What's Changed? Here are the Positions of Recent Presidents on Immigration

What's Changed? Here are the Positions of Recent Presidents on Immigration

Created: 03 July, 2018
Last update: 21 November, 2022

Immigration is not a partisan issue, but the mainstream media and Congress have framed this current effort to fix our broken system as a partisan game, appealing to our lowest common denominators.

By all meaningful accounts, immigration reform needs to be addressed by Congress, and yet, our elected leaders double down on their partisan narratives, further dividing the country, giving oxygen to the extreme voices who offer no chance of solving this crisis.

This issue didn't start with President Trump, it's been a decades long battle that will continue long after the current administration is gone.

President Bill Clinton State Of The Union Speech 1995

In 1995, President Bill Clinton received bi-partisan praise and support during in his State of the Union speech in which he announced, "In the budget I will present to you, we will try to do more to speed the deportation of illegal aliens who are arrested for crimes, to better identify illegal aliens in the workplace... We are a nation of immigrants. But we are also a nation of laws. It is wrong and ultimately self-defeating for a nation of immigrants to permit the kind of abuse of our immigration laws we have seen in recent years, and we must do more to stop it.” ~ Bill Clinton, 1995 State Of The Union Speech


President Obama's DACA Immigration Speech 2014

In 2014, President Barack Obama made an impassioned speech from the White House declaring our immigration system is "broken." He talked about a bipartisan immigration plan that was stuck in the house for a year and a half as then Speaker John Boehner refused to allow a vote be taken on the reforms. In his speech below Obama told Congress to, "Pass A Bill! I wanna work with both parties to pass a more permanent legislative solution."


In the speech Obama noted, "Even as we are a nation of immigrants, we're also a nation of laws. Undocumented workers broke our immigration laws, I believe that they must be held accountable, especially those who may be dangerous. Let's be honest, tracking down, rounding up and deporting millions of people isn't realistic, anyone who suggests otherwise isn't being straight with you. It's not who we are as Americans." ~ Barack Obama, 2014 DACA Speech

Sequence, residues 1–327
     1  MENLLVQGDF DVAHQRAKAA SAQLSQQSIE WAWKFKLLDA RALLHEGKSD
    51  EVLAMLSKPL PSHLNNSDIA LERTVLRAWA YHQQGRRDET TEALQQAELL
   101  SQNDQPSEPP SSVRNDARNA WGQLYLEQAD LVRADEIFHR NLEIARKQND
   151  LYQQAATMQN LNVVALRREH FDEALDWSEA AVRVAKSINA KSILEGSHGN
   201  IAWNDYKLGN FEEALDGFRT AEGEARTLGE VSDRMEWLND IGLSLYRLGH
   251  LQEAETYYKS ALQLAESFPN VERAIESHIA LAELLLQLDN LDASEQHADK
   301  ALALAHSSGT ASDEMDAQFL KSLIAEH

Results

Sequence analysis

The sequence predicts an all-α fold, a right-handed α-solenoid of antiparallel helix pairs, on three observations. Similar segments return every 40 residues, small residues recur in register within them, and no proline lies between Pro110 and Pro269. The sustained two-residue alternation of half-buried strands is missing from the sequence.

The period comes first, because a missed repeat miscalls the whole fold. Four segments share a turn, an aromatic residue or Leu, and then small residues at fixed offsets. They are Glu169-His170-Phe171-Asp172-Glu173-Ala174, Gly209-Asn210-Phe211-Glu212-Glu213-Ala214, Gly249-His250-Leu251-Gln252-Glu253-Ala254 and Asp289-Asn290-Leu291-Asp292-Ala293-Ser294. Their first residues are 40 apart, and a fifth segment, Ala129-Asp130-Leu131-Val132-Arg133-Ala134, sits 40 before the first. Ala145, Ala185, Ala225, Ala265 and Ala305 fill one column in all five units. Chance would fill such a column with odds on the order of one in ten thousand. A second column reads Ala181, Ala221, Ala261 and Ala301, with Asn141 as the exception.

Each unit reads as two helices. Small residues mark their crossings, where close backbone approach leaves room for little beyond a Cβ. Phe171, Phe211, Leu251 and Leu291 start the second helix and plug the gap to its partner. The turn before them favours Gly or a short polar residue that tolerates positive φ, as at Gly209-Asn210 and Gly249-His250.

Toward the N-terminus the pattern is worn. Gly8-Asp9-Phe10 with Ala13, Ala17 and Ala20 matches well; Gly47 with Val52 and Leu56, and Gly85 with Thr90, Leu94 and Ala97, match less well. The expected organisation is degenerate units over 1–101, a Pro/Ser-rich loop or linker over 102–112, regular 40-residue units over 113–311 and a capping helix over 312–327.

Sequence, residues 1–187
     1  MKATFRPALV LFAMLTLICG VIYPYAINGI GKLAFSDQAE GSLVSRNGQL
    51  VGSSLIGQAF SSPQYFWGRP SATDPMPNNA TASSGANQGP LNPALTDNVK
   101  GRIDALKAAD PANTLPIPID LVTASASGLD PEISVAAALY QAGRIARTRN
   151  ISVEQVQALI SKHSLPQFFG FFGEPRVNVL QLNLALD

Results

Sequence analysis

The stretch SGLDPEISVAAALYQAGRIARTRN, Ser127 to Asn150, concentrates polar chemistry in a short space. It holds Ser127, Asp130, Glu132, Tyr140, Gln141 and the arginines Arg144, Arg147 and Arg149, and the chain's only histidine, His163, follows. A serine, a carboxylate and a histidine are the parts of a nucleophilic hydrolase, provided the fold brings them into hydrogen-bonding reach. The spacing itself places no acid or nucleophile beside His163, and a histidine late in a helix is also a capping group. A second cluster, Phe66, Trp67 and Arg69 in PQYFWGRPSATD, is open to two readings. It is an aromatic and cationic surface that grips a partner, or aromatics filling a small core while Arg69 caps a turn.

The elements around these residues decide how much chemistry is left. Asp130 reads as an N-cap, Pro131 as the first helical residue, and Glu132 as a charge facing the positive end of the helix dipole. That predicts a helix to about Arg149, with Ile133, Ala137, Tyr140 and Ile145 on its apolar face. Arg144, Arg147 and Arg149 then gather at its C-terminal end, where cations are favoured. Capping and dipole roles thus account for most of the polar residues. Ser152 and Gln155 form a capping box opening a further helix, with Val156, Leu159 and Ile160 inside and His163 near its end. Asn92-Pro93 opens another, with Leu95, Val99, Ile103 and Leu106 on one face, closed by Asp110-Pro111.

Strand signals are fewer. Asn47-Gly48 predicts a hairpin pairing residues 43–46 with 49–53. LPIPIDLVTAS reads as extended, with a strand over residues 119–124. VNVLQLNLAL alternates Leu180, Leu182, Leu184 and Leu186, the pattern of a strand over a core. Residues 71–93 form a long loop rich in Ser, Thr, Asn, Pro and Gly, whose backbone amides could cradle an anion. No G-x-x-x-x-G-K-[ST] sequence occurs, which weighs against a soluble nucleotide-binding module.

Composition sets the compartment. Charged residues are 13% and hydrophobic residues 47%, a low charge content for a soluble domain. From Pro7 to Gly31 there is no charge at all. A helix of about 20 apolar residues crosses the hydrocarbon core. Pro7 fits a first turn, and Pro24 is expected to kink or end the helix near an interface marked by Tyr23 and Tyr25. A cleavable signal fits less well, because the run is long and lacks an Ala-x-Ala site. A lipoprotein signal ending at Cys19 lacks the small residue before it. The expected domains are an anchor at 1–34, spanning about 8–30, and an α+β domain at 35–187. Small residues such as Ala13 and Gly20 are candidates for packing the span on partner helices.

George W. Bush Immigration Plan 2006

In 2006, George W. Bush addressed the nation from the Oval Office. "For decades," Bush started, "the United States has not been in complete control of its borders, as a result many in our economy have been able to sneak across our border and millions have stayed. Once here illegal immigrants live in the shadows of our society. Illegal immigration strains state and local budgets and brings crimes to our communities. Yet, the vast majority of illegal immigrants are decent people who work hard, support families and lead responsible lives. But we're a nation of laws and we must enforce those laws." ~ George W. Bush, Immigration Reform Speech 2006

President Bush had a 5-point plan that secured the border, expanded border patrol with National Guard troops, built a wall and high-tech fencing, created a temporary worker program with a path to citizenship, and held employers accountable for hiring illegal immigrants. President Bush was opposed to amnesty and catch and release.  Bush said, "The steps I'm taking will improve our ability to catch those entering our country illegally. We must ensure that every illegal immigrant we catch is returned to their home. The process of Catch and Release is unacceptable and we will end it. In order to meet this goal we've expanded the number of beds in our facilities, expedited the legal process to cut the deportation time, and making it clear governments must accept their citizens that have violated our immigration laws."

On June 29, 2007, this effort, like so many others before it, died in the Senate.

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About the Author

Jeff Powers

Jeff Powers is an award-winning journalist from San Diego, California, and has worked on IVN as a writer and editor. He has also worked on a number of local campaigns including SDSU West, Measures K & L, and other campaigns.